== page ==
How to Manage Pests

UC Pest Management Guidelines

Tomato

Beet Leafhopper

Scientific name: Circulifer tenellus

(Reviewed 12/13, updated 12/13)

In this Guideline:


Description of the Pest

Adult beet leafhoppers are 0.12 inch (3 mm) in length, pale green to tan in color, and may have dark markings.

Damage

While some damage is caused by nymph and adult feeding, beet leafhopper is a serious pest because it vectors Beet curly top geminivirus. Curly top-infected plants turn yellow and stop growing. Leaves roll upward and turn purplish. Leaves and stems become stiff. Spring plantings are the most susceptible. The insect migrates from overwintering hosts in the foothills and is mostly a problem on the west side of San Joaquin Valley.

Management

The California Department of Food and Agriculture surveys populations of beet leafhoppers in foothill breeding areas each year and sprays when necessary to reduce leafhopper migration into valley crops.

Insecticides applied to infested fields to control beet leafhopper and reduce the spread of the curly top pathogen may prevent some infield spread, although infected plants will not recover. In areas that are at annual risk of beet leafhopper infestations, application of a systematic insecticide may have some impact. Beet leafhopper populations are greatest in years with rainfall that promotes growth of its weed hosts in the foothills.

Common name Amount per acre** R.E.I.‡ P.H.I.‡
(example trade name)   (hours) (days)

  Calculate impact of pesticide on air quality
The following materials are ranked with the pesticides having the greatest IPM value listed first—the most effective and least harmful to natural enemies, honey bees and the environment are at the top of the table. When choosing a pesticide, consider information relating to air and water quality, resistance management, and the pesticide's properties and application timing. Not all registered pesticides are listed. Always read the label of the product being used.
 
A. IMIDACLOPRID
  (Admire Pro) 7–10.5 fl oz 12 21
  MODE-OF-ACTION GROUP NUMBER1: 4A
  COMMENTS: Can be used preventively as a systemic in areas with chronic infestations. Apply as a sidedress within 4 inches on either side of plants and incorporate to a depth of 2 to 3 inches. Treat at first bloom up to 8 weeks before harvest. Apply sufficient water following application to move into the root zone of the plant. Can also be applied in drip or trickle irrigation water. Do not spray directly or allow to drift onto blooming crops or weeds where bees are foraging.
 
B. DINOTEFURAN
  (Venom) 1–4 oz 12 1
  MODE-OF-ACTION GROUP NUMBER1: 4A
  COMMENTS: Apply in higher volume applications at 20 gallons/acre. Do not apply to cherry or grape tomatoes or to any variety with fruit less than 2 inches in diameter. Do not spray directly or allow to drift onto blooming crops or weeds where bees are foraging.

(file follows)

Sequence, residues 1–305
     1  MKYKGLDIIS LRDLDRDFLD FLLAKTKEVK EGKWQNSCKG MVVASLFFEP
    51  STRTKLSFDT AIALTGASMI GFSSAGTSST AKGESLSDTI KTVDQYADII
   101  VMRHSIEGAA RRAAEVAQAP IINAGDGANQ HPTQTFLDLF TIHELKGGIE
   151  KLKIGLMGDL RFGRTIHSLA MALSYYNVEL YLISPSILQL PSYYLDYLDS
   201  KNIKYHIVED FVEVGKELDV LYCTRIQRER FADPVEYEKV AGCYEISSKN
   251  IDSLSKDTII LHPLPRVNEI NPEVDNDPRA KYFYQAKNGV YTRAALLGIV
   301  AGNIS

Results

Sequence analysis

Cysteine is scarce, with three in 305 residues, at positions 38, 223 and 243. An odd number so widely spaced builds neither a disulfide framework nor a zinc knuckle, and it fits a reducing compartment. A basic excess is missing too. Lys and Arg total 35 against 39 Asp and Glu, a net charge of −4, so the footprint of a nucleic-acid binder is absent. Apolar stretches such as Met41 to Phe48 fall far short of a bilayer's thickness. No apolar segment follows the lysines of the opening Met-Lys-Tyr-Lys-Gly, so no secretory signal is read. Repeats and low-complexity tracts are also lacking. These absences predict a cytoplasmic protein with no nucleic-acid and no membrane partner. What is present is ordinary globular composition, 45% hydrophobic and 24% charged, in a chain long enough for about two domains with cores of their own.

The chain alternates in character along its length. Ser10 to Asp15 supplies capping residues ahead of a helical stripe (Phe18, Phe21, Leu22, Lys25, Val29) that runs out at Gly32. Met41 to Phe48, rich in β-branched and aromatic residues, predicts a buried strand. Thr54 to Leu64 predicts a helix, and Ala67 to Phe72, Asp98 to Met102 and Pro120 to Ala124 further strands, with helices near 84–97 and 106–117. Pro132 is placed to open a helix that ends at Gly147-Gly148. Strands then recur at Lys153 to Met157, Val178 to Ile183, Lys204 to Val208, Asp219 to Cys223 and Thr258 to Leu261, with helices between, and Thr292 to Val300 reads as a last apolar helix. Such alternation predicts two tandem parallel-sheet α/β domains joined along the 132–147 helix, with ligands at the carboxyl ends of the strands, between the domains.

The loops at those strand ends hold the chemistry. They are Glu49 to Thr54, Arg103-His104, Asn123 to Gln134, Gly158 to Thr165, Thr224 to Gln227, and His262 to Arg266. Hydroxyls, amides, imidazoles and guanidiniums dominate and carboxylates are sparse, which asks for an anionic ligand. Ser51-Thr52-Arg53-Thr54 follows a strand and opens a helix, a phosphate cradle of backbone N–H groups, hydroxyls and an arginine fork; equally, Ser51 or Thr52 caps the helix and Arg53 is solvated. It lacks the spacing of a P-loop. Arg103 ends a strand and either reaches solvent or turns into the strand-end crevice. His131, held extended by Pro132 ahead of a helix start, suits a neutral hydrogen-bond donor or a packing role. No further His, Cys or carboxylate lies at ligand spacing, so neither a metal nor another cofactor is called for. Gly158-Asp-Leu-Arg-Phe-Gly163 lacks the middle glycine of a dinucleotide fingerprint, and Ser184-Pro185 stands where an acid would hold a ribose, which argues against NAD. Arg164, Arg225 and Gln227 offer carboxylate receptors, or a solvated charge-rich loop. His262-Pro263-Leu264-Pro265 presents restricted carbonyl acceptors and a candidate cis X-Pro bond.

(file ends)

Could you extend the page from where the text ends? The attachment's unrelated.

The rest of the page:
C. THIAMETHOXAM
  (Actara) 2–3 oz 12 0
  MODE-OF-ACTION GROUP NUMBER1: 4A
  COMMENTS: Do not spray directly or allow to drift onto blooming crops or weeds where bees are foraging.
 
D. CARBARYL
  (Sevin XLR Plus) 0.66–1.25 lb 12 3
  MODE-OF-ACTION GROUP NUMBER1: 1A
  COMMENTS: Will also control hornworm, fruitworm, and armyworm. Do not use if psyllids are in the field as carbamates tend to promote development of their populations. Do not spray directly or allow to drift onto blooming crops or weeds where bees are foraging.
 
** See label for dilution rates.
Restricted entry interval (R.E.I.) is the number of hours (unless otherwise noted) from treatment until the treated area can be safely entered without protective clothing. Preharvest interval (P.H.I.) is the number of days from treatment until harvest can take place. In some cases the R.E.I. exceeds the P.H.I. The longer of these two intervals is the minimum time that must elapse before harvest may take place.
* Permit required from county agricultural commissioner for purchase or use.
1 Rotate chemicals with a different mode-of-action Group number, and do not use products with the same mode-of-action Group number more than twice per season to help prevent the development of resistance. For example, the organophosphates have a Group number of 1B; chemicals with a 1B Group number should be alternated with chemicals that have a Group number other than 1B. Mode-of-action group numbers are assigned by IRAC (Insecticide Resistance Action Committee). For additional information, see their Web site at http://www.irac-online.org/.

[Precautions]

PUBLICATION

[UC Peer Reviewed]

UC IPM Pest Management Guidelines: Tomato
UC ANR Publication 3470

Insects and Mites

E. T. Natwick, UC Cooperative Extension, Imperial County
C. S. Stoddard, UC Cooperative Extension, Merced and Madera counties
F. G. Zalom, Entomology, UC Davis
J. T. Trumble, Entomology, UC Riverside
G. Miyao, UC Cooperative Extension, Solano and Yolo counties
J. J. Stapleton, UC IPM Program and Kearney Agricultural Center, Parlier (false chinch bug)
Acknowledgments for contributions to Insects and Mites:
C. G. Summers, Entomology, UC Davis and Kearney Agricultural Center, Parlier
C. F. Fouche, UC Cooperative Extension, San Joaquin County
N. C. Toscano, Entomology, UC Riverside

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